accept jurisdiction if action was brought against it. Although states could voluntarily submit their cases to the ICJ, it is exceedingly unlikely that states would
submit matters involving national security to the ICJ or any other international
court. This unwillingness is further evidenced by the U.S.'s withdrawal from the
87 U.N. Charter art. 2, para. 4.
88 In a previous section on authorization, the potential means by which non-compliance would be
determined have already been discussed, but the key aspect of this section is the punishment that would
be given to these violators.
89 No government has officially acknowledged responsibility for the cyberworm Stuxnet, a worm
specifically designed to target Iran's nuclear facilities. See Ed Barnes, Mystery Surrounds Cyber Missile
That Crippled Iran's Nuclear Weapons Ambitions, Fox NEws, April 11, 2011,
(explaining the cyberworm).
90 Jurisdiction:Declarations Recognizing the Jurisdictionof the Court as Compulsory, Ir'LCOURT
OF JUSTICE (April 7, 2011),
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optional clause following the ICJ's 1984 ruling in The Republic of Nicaraguav.
The United States of America.9 1 Given that the U.S. is the originator of the Bush
Doctrine, it is likely that the U.S. would be a state that would commonly want to
invoke it. Many other major powers that might invoke the Bush Doctrine, such
as China, France and Russia, similarly have not accepted the ICJ's optional
clause without reservation. Many potential rogue states, ones that, according to
Delahunty and Yoo are the likely targets of the Bush Doctrine, have also not
accepted the optional clause. 9 2 As has been demonstrated by the Case of Certain
Norwegian Loans,93 the reciprocity clause in state acceptance of ICJ jurisdiction
allows accused states to use the reservations of other states.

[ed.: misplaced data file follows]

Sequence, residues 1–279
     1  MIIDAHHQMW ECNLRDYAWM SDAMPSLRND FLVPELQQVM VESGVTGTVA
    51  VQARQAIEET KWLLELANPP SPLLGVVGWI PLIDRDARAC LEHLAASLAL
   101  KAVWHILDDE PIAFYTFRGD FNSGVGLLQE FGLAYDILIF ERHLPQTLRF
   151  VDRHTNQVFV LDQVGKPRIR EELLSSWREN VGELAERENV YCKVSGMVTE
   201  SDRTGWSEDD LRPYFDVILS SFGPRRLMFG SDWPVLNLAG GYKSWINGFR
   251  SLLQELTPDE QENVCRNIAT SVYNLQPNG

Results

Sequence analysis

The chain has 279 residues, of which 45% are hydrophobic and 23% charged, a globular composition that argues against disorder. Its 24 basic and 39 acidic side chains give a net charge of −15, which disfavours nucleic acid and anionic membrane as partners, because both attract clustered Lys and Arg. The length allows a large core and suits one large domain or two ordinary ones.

Even as the ICJ is the primary court dealing with states, the International
Criminal Court (ICC) also represents a potential venue for punishing individuals
who commit international crimes in the course of Bush Doctrine actions. Yet,
the ICC is unlikely to be a frequent venue for dealing with violations of the Bush
Doctrine. First, its jurisdiction is limited to a narrow set of war crimes, 94 Most Of
which are not frequent occurrences in interstate conflict. Most ICC investigations thus far have focused on civil wars, not military strikes across state borders.
Of course, there is potential for this to change if the ICC adds aggression to its
list of crimes as has been proposed. 9 5 Second, and beyond jurisdictional limitations imposed by its statute, 9 6 the ICC suffers consent problems similar to those
of the ICJ. In contrast to the ICJ, the ICC lacks an optional clause and does not
offer reservations to the acceptance of the ICC and has yet to win universal acceptance. Despite 114 states having joined the body, 9 7 most major powers, including the U.S., China and Russia, have not acceded to the ICC nor have the
91 Case concerning the Military and Paramilitary Activities in and Against Nicaragua (Nicar. v.
U.S.), 1986 I.C.J. 14, 160 (June 27).
92 Delahunty & Yoo, supra note 3, at 862-63.
93 Case of Certain Norwegian Loans (France v. Norway), 1957 I.C.J. 57, 16 (July 6).